The Society of Scottish Armgers

























Arms of The Society of Scottish Armigers


The Society of Scottish Armigers Armorial




Welcome to The Society of Scottish Armigers


The Scots are a curious bunch. On the one hand we can be extremely egalitarian. “A Man’s a man for a’ that,” Burns’ great prophetic ode to the brotherhood of man, captures something central to our national character.
On the other, we are deeply attached to our history. Highlanders in particular have been famously and fanatically loyal to their kings and chiefs, even when those leaders, frankly, proved unworthy of that devotion. Particularly among Scots of the Diaspora there remains a strong identification with clan, a fascination with chiefs and with the mottos, badges and insignia that go with them. These details tie us together and bind us back to the land of our ancestors, the home of our hearts.

Get to a Highland Games and see the proud displays in the clan tents, the flags flying everywhere, the vendors selling everything from T-shirts, ties and sashes to mugs, key-rings and who knows what with your clan tartan and insignia.

Except, of course, that clans don’t have coats of arms or mottos; armigers do. An armiger is an individual with heraldic arms. A clan is a group of people who recognize a specific armiger as their chief and wear his or her crest surrounded by a strap and buckle bearing the chief’s motto or slogan.


Lord Lyon Dr. Joseph Morrow


Lord Lyon Dr. Joseph Morrow, QC



It’s a bit more complicated than that. The Lord Lyon King of Arms, the supreme judge of heraldry in Scotland, may recognise the chief of a clan or the head of a family by a grant or a confirmation of the principal Arms of the clan or family in question. And for an armiger to be an armiger, their arms must also have been recognized by the Lyon Court and entered in the Public Register of All Arms and Bearings in Scotland, which has been maintained since 1672. Scotland, in fact, has some very precise rules governing arms and heraldic achievements.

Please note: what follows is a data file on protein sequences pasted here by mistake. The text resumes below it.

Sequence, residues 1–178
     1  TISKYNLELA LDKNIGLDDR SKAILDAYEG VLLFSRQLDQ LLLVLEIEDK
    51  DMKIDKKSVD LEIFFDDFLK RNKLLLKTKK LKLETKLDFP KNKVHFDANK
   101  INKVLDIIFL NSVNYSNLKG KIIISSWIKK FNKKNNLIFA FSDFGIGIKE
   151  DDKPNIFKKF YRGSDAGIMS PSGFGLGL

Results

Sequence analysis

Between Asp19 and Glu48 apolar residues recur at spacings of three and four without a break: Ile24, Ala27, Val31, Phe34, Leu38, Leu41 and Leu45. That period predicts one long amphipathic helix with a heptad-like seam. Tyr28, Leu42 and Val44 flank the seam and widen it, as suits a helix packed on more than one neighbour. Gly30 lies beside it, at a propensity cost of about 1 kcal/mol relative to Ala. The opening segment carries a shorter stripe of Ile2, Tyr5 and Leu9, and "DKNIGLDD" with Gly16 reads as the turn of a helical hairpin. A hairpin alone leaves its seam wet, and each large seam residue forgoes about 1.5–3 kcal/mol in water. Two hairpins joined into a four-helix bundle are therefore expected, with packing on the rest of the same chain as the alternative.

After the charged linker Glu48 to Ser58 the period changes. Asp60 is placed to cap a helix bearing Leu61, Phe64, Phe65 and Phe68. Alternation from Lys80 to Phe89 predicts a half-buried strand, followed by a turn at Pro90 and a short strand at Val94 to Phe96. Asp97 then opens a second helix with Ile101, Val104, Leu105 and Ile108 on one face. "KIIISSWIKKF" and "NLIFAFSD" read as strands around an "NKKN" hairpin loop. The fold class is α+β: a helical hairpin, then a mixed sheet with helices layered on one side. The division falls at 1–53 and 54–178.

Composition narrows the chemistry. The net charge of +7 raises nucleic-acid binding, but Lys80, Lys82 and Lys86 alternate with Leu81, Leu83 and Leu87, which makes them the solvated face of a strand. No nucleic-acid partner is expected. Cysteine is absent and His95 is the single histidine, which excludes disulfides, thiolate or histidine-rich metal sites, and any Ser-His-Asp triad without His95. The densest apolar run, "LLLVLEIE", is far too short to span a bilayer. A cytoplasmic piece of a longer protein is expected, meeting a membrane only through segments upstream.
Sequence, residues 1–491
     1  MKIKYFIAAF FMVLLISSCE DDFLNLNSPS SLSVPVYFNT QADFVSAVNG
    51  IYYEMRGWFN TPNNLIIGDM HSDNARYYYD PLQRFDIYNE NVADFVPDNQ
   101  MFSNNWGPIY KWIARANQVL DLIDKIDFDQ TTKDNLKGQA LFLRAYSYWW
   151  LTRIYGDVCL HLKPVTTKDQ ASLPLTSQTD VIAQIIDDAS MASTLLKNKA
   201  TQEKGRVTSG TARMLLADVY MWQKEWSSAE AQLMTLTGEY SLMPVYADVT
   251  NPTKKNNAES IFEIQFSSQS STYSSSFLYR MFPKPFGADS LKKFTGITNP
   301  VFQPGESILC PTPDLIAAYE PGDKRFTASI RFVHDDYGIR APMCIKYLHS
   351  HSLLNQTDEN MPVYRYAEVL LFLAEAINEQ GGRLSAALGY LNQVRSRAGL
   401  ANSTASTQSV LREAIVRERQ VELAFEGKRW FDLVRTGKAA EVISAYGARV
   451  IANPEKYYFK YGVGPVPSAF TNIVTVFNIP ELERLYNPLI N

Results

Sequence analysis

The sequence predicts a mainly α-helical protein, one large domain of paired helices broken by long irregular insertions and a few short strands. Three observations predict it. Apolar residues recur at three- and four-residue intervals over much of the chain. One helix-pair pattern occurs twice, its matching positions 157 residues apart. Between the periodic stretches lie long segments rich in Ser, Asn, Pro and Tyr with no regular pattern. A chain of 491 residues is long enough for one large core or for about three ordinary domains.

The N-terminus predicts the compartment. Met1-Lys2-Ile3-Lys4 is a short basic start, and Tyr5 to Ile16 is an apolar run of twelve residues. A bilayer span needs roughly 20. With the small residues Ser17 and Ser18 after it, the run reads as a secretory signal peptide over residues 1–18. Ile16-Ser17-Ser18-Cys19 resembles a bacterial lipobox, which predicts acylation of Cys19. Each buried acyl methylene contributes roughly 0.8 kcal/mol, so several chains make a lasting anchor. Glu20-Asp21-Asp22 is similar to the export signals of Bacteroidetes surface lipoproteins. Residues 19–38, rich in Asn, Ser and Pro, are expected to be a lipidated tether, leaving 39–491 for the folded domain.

The Society of Scottish Armigers was founded to help people understand some of these rules and avoid common mistakes. The Lord Lyon is our President, and one of our missions is to serve as a conduit, a means of communication between him and the general public on matters of heraldry and practice, although we do not speak for him in an ‘official’ sense.

Similarly, many of the prominent clan chiefs are also members of the Society, and we are in active communication with the Standing Council of Scottish Chiefs, though, again, we do not speak for them in any official sense either. You can find links here to both their website and Lyon’s.



The Arms of Hugh Archibald William Montgomerie, Earl of Eglinton and Winton


This website, then, is intended to serve many disparate groups. We want to be a forum for our members. But most of all we hope to serve the general public and be a resource for Scots all over the world, and for cities which may find themselves hosting Scottish Games or festivals. By improving understanding, and avoiding misunderstanding, we hope to play our small part in strengthening the important ties which bind Scots of the Diaspora to the land of our ancestors.

Please let us know if you find the site helpful, and what we can do to make it better.

Rt Hon The Earl of Eglinton and Winton



© The Society of Scottish Armigers   last Update 30 Jul 2021   Web Design